On the Water, a dark folk project from Philadelphia, released their fifth album, Cordelia, on May 9, 2015. On the Water‘s members have always been in flux, ranging from one to nine members. The project began in 2007 as an outlet for the raw, honest folk songs that Fletcher Van Vliet, songwriter and founding member had been writing. On the Water has also collaborated with Jesse Sparhawk, the renowned harpist who has worked with Marissa Nadler, Greg Weeks, and many other notable folk singers.
In 2014, the group dwindled to four core members (Fletcher Van Vliet, Robin Carine, Taylor Jamison, and Lucas Carine). The result was two new albums: Baptism (an EP released on December 31, 2014) and the full-length, Cordelia, both recorded over the course of only two days. Cordelia also features three guest musicians, including Evan McGonagle on cello, the aforementioned Jesse Sparhawk on harp, and Aubrey Van Vliet on vocals.
Cordelia is one of those great albums that may suffer from oblivion, unless people who appreciate its beauty begin to talk about it. The whole set of 10 songs maintains an amazing level of realization, both lyrically and in terms of its hushed yet dynamically energetic arrangements. Its mood and unassuming depth of feeling, reminded me of a profound longing and immediate tenderness.
The tracks seem to follow a loose pattern of roaring fire, followed by one of calming water and vice versa. Though Van Vliet’s styles may vary, you will still find a symmetry weaving through this work. It is all in his words and above all his vocal delivery. One moment his voice brings you to the brimstone of wrath, the next to the tender eulogy of passion.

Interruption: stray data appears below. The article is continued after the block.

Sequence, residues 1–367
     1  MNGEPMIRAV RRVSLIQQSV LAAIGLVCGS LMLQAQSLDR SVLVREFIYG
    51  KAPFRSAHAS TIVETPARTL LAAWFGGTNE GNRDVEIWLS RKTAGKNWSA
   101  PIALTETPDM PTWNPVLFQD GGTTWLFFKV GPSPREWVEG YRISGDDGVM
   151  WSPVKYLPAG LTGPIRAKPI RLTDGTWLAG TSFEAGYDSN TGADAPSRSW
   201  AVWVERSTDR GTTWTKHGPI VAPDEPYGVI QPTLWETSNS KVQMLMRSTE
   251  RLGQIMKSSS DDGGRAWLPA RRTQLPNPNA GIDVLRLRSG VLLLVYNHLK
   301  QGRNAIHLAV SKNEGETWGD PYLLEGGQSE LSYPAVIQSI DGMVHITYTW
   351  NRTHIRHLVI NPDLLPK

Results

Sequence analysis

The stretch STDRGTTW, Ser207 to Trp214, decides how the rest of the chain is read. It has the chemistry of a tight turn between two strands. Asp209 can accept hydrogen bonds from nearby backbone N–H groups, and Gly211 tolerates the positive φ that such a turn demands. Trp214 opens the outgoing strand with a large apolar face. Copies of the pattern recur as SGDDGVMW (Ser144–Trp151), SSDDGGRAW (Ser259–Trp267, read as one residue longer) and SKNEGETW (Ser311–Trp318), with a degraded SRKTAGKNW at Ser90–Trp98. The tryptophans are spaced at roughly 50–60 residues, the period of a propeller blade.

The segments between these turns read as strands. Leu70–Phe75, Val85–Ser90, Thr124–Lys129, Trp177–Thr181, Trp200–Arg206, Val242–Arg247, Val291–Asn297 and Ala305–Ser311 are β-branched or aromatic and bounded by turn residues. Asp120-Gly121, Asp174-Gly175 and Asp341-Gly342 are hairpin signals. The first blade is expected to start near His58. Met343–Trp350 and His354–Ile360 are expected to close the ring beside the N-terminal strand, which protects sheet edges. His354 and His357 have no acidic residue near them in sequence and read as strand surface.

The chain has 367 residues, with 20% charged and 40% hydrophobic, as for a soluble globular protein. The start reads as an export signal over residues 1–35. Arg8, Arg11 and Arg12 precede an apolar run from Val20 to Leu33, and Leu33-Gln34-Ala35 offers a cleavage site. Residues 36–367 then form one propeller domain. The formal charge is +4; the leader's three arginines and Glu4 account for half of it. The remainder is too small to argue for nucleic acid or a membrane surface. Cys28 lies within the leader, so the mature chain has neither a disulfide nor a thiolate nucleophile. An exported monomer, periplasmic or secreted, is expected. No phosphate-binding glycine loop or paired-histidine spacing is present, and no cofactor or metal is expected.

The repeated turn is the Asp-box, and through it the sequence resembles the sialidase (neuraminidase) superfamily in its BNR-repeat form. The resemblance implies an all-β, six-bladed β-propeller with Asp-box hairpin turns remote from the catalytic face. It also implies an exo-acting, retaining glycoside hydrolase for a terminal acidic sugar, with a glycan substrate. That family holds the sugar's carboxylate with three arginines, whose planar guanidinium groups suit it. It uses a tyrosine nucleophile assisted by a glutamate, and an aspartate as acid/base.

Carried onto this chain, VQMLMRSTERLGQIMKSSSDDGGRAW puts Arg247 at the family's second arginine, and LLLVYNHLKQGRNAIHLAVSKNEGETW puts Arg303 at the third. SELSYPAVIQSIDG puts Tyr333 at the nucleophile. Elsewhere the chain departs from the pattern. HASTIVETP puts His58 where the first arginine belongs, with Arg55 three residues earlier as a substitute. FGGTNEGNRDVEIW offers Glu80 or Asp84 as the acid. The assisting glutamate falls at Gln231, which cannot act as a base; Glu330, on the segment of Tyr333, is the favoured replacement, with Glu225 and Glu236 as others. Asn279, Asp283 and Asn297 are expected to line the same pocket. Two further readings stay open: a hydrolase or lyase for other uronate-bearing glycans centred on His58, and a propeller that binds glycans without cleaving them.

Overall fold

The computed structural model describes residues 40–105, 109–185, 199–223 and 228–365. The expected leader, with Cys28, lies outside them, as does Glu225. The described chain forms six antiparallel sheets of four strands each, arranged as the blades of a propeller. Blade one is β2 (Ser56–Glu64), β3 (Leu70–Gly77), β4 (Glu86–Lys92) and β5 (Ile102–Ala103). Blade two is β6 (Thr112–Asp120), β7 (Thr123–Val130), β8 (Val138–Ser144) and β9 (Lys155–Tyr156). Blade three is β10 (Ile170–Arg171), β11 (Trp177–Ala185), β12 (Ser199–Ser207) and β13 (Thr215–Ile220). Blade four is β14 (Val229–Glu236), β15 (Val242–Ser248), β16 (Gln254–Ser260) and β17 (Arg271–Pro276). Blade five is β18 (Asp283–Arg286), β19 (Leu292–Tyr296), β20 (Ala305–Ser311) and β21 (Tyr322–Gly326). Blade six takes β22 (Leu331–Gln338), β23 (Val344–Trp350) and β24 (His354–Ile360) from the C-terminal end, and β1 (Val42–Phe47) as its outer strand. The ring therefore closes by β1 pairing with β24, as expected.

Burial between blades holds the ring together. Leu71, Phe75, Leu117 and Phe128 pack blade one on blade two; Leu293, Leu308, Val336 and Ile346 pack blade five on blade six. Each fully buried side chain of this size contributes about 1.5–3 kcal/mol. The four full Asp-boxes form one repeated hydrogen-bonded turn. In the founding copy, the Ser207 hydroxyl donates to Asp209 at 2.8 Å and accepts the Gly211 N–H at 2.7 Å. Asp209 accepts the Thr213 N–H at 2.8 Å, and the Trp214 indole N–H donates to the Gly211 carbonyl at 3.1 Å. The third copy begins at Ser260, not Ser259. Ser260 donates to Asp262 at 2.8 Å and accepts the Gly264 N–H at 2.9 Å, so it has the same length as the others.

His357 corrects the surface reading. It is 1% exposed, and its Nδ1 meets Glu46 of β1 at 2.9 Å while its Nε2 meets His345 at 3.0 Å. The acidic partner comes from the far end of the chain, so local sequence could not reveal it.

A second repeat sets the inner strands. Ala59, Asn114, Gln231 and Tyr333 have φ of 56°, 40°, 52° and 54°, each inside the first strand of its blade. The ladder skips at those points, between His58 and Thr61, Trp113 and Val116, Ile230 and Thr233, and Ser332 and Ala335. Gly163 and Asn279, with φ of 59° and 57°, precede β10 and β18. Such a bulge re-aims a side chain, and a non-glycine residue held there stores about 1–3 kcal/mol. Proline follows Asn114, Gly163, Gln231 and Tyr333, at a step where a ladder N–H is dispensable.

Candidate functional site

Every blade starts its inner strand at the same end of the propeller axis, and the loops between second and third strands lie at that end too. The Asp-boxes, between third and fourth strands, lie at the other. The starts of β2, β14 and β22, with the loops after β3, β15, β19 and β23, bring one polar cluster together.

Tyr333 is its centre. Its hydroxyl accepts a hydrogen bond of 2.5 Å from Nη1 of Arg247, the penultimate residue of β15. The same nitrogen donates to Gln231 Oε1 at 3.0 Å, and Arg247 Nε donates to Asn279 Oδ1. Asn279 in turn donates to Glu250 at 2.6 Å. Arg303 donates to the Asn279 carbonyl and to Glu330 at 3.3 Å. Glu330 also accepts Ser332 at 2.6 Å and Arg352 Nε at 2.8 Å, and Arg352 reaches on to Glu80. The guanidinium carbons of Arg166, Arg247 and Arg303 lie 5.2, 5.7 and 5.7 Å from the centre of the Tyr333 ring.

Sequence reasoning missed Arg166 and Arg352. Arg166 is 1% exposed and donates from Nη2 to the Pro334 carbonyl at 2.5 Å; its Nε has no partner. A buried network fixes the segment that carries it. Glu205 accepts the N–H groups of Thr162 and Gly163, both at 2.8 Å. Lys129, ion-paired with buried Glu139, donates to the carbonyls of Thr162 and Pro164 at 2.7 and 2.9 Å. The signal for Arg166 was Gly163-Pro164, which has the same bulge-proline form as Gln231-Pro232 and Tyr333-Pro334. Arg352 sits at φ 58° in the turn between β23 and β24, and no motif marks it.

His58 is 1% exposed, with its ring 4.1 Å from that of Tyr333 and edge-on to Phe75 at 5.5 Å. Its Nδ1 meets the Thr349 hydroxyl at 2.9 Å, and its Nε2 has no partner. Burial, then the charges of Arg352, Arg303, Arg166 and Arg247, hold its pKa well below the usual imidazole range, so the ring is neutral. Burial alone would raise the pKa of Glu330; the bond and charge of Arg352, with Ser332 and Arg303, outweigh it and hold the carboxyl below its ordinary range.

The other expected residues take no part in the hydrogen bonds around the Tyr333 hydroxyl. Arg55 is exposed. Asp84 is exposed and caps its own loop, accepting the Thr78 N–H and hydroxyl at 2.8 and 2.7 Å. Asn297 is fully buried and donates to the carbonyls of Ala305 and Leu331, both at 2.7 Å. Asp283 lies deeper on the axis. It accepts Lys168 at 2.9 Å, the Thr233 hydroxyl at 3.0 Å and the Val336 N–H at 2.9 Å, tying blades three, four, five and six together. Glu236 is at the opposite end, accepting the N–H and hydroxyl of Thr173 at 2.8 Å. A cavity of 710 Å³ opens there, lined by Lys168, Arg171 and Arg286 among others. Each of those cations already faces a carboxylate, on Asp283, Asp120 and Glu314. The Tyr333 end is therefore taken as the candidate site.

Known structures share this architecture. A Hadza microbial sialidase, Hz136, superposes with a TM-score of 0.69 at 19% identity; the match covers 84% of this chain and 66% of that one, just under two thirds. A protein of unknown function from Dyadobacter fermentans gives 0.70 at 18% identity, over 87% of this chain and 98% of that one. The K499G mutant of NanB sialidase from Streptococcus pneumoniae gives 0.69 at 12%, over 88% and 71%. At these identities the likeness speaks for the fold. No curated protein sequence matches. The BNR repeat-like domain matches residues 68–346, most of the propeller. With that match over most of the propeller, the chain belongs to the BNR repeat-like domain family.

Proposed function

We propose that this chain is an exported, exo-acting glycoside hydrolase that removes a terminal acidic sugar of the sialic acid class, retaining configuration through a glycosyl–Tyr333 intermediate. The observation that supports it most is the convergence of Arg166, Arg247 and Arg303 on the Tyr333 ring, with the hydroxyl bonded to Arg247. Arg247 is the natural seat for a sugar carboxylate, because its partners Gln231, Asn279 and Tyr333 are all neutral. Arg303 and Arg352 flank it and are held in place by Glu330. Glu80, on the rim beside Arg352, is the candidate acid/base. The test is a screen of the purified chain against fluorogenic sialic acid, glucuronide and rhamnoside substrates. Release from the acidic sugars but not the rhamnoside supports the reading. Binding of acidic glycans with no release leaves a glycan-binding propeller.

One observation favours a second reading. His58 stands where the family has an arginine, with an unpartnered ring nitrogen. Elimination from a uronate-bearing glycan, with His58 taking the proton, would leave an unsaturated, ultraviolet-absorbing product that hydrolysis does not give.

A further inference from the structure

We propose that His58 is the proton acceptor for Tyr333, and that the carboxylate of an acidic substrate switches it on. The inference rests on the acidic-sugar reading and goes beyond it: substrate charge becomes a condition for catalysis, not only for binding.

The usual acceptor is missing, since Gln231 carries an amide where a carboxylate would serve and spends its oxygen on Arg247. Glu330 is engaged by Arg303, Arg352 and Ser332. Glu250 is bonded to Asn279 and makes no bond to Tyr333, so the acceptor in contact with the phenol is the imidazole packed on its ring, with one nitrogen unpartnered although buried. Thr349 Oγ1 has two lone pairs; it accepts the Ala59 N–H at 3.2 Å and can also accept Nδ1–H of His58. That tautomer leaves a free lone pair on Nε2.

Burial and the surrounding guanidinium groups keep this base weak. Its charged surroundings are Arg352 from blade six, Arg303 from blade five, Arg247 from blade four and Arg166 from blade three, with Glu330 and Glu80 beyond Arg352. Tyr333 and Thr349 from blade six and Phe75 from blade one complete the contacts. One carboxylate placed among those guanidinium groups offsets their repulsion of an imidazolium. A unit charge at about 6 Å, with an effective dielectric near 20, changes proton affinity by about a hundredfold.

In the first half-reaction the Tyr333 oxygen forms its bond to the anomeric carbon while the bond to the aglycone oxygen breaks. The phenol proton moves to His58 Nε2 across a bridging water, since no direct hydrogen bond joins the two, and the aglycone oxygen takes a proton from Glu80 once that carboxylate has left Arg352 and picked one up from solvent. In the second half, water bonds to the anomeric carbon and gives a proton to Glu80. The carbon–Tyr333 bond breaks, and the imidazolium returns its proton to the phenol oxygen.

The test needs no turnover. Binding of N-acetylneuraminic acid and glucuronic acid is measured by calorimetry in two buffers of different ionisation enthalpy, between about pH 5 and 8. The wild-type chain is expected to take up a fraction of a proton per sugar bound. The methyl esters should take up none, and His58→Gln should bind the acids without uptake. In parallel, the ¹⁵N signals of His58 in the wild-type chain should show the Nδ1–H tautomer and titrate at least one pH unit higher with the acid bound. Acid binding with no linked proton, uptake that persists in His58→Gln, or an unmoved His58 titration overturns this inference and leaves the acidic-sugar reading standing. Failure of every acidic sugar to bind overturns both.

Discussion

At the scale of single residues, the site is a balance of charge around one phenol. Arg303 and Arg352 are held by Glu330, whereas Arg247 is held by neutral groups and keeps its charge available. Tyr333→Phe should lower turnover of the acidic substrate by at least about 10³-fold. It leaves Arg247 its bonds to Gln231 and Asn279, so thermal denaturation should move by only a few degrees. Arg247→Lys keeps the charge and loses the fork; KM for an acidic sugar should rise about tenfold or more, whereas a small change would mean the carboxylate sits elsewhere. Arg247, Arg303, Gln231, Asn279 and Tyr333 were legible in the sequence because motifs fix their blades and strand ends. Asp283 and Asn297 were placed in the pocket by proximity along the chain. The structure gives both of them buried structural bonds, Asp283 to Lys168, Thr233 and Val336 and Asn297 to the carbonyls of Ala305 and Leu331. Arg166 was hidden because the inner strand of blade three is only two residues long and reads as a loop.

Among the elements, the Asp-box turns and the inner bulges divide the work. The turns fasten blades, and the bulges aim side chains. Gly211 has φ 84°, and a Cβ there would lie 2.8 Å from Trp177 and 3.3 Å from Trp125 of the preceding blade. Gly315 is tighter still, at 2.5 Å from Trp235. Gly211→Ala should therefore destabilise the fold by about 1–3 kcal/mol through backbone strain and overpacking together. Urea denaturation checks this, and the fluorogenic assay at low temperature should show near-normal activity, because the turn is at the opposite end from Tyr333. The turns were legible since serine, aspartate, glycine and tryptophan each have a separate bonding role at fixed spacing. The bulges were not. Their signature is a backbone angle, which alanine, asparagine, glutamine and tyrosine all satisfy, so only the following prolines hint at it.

The lyrics are authoritative, and backed with masterful literary skill. From front to end, the album is consistent and conceptually intact. The overall mood is somber, haunting, yet at times volatile, angry and completely alive. Lyrically, Van Vliet seems to dig and tear into corners of his soul not yet tapped, dragging out a heartfelt sense of passionate urgency.
Yet the album’s genius lies also in the tilted sounds of the guitarscapes or haunting cello, harmonica and harp layers, as this album employs these – and more – on a much subtler level, making each listen more chilling than the last. In a broad sense, Cordelia is where creative alternative music should be, on the edge. On the Water lures you in with intensely dramatic vocal expressions and accompanying hypnotic instrumentation, forcing you to confront new perceptual musical perspectives. It lures me into perceiving a mix between Tom Wait’s brooding demeanor and Robbie Robertson’s dramatic narrative style.
Standout songs like “Born in Reverse”, “Varsity”, “Gatekeeper”, “Kahuna”, “Faint Ink”, “Curtains” and “Cordelia” invoked a contemplative but potent sense of amazement that will certainly keep me coming back for more. With the help of these tracks, I have learnt that an On the Water album is a unique aural experience – and one of the most interesting projects the music world has to offer us currently.